This year, I found a different approach.  I came across the broadcast of our golf show, "Tee Time", which ran on WGCH.  It was hosted by Michael Breed, a golf pro and instructor who has done pretty well for himself as a writer and broadcaster, and recently appeared via footage of his Golf Channel show in the Meryl Streep/Tommy Lee Jones movie, "Hope Springs."

Just a note: I had no clue Michael was in that movie, and Lisa and I went to see it last week.  I was quite shocked when I saw him.

With September 11, 2001 falling on a Tuesday, nobody knew how to proceed on Wednesday the 12th, which was our day to do "Tee Time."  We went ahead with the show, and just talked.  I put together a small piece that ran as well.  It's a show I'm very proud of.

As we pause to remember those lost on that day, we are reminded that this war - on terror - is not over.  It's just not.  We are reminded of the sadness and just how we felt the day before; the minutes before.  And then, almost in an instant, it changed.  As always, I'll listen to the audio of that day and ponder things with Bruce Springsteen's The Rising playing. 

Listen here to Michael Breed and I, as we hosted "Tee Time" on September 12, 2001.

If you want to hear the broadcast audio montage of September 11, 2001, it is here.

Sunday, September 09, 2012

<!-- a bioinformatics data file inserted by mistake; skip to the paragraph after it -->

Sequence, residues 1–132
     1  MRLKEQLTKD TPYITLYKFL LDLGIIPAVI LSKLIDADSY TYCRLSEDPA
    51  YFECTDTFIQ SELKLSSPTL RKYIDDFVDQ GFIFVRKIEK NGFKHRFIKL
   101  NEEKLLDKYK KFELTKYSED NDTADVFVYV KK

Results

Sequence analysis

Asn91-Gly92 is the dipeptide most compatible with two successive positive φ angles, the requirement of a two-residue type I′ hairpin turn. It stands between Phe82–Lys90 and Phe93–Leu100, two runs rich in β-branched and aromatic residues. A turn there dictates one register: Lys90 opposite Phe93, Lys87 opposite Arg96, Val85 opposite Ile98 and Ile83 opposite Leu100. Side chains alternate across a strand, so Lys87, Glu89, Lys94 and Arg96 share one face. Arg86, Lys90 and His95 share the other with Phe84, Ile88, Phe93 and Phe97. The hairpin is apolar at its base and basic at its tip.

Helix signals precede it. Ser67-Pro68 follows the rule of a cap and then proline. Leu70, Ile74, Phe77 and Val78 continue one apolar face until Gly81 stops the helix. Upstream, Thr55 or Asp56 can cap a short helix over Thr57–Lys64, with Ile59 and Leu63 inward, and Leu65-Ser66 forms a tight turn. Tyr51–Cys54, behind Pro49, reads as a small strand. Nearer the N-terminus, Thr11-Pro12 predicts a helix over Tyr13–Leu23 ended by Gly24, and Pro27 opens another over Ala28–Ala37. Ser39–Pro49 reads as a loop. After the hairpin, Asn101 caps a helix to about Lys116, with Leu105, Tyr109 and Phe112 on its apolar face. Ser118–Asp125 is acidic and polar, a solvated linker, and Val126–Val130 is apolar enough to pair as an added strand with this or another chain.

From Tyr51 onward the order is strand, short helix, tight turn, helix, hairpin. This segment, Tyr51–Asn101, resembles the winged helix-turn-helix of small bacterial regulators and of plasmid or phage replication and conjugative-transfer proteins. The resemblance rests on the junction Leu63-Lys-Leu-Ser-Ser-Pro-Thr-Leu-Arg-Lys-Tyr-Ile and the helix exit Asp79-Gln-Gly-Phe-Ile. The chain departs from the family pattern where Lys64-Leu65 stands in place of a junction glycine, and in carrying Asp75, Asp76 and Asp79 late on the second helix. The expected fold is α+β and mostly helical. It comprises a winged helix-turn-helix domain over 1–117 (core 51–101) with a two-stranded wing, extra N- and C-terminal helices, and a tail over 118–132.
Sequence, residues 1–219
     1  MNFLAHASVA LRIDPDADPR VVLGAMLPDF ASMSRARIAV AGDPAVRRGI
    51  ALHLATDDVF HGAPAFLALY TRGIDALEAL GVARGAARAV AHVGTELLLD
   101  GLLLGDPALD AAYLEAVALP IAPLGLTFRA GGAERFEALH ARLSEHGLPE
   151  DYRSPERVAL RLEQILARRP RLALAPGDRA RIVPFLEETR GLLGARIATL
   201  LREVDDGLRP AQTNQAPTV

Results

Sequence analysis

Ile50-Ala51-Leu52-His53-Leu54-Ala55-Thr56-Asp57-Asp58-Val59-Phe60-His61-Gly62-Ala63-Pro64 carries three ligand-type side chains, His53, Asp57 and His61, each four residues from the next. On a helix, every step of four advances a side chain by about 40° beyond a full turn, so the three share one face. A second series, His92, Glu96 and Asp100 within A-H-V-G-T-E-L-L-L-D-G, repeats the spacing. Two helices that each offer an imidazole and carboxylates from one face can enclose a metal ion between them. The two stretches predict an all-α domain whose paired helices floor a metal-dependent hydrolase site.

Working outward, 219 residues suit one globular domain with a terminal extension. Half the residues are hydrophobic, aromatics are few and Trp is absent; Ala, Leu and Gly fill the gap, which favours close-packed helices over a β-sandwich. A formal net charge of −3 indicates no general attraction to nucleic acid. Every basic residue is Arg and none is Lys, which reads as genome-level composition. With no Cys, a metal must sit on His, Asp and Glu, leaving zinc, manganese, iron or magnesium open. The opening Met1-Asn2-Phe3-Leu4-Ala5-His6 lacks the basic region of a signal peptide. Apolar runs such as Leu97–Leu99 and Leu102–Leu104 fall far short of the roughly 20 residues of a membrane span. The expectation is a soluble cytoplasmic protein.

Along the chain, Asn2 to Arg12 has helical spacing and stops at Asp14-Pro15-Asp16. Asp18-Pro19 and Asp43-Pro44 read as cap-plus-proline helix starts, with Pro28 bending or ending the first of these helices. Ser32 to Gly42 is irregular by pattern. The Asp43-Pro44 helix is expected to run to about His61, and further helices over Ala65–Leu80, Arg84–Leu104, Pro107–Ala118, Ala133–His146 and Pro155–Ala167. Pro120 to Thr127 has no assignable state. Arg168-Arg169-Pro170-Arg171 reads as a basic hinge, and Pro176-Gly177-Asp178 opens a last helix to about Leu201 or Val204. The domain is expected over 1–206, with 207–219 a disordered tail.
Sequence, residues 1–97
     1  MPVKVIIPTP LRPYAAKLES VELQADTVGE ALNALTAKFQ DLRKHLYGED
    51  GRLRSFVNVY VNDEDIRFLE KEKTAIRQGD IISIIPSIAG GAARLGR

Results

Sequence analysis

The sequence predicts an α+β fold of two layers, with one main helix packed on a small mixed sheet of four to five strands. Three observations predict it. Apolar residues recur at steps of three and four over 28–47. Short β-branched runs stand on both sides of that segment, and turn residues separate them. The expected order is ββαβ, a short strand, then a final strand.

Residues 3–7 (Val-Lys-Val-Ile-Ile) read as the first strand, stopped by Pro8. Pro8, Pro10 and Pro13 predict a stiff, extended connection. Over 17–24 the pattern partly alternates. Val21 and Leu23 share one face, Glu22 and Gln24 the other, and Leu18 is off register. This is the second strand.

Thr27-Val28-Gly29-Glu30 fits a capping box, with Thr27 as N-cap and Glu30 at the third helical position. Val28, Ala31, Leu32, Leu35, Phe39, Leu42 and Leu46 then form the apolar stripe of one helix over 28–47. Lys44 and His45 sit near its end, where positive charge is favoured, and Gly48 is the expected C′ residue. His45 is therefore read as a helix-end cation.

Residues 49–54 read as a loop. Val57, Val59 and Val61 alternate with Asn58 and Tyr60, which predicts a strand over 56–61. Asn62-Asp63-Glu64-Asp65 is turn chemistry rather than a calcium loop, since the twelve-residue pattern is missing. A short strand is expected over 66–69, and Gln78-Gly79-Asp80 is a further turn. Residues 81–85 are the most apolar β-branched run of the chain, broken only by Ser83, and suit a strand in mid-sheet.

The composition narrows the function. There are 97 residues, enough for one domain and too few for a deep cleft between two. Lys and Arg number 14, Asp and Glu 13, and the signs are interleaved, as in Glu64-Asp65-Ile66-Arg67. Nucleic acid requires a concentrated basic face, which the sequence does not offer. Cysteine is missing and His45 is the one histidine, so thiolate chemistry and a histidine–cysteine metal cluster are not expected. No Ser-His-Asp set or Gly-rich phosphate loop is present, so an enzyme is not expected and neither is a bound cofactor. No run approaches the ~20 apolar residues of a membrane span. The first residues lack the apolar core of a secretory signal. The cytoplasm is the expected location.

The 2012 Greenwich Cardinals on WGCH

Rob Adams and Chris Erway, 2010
We are just under a week away from kickoff of the 2012 high school football season in Connecticut.  That means it is time for Greenwich Carrdinals Football!

Once again, WGCH will be the home of Cardinals football, as it has been for as long as I can remember (there are those that say it dates back to the birth of the station in September, 1964, but I have no proof of that).  Bill Daughtry, Mark Yusko, Pete Gersec, and former Jet Skip Lane are among the names that brought the sounds of the Cardinals to your radio.

Next Friday, I will begin my 13th year as the radio voice of Greenwich football.  Joining me as the lead analyst will be Chris Erway.  CJ joined the station as an intern in 2006, handling the morning sports reports on the NewsCenter with Tony Savino.  That is where I first met him, when I subbed for Tony.  He rejoined WGCH in 2009 and begins his fourth season on Greenwich football, and first as the lead analyst.  He replaces Sean Kilkelly, who is moving back to the studio.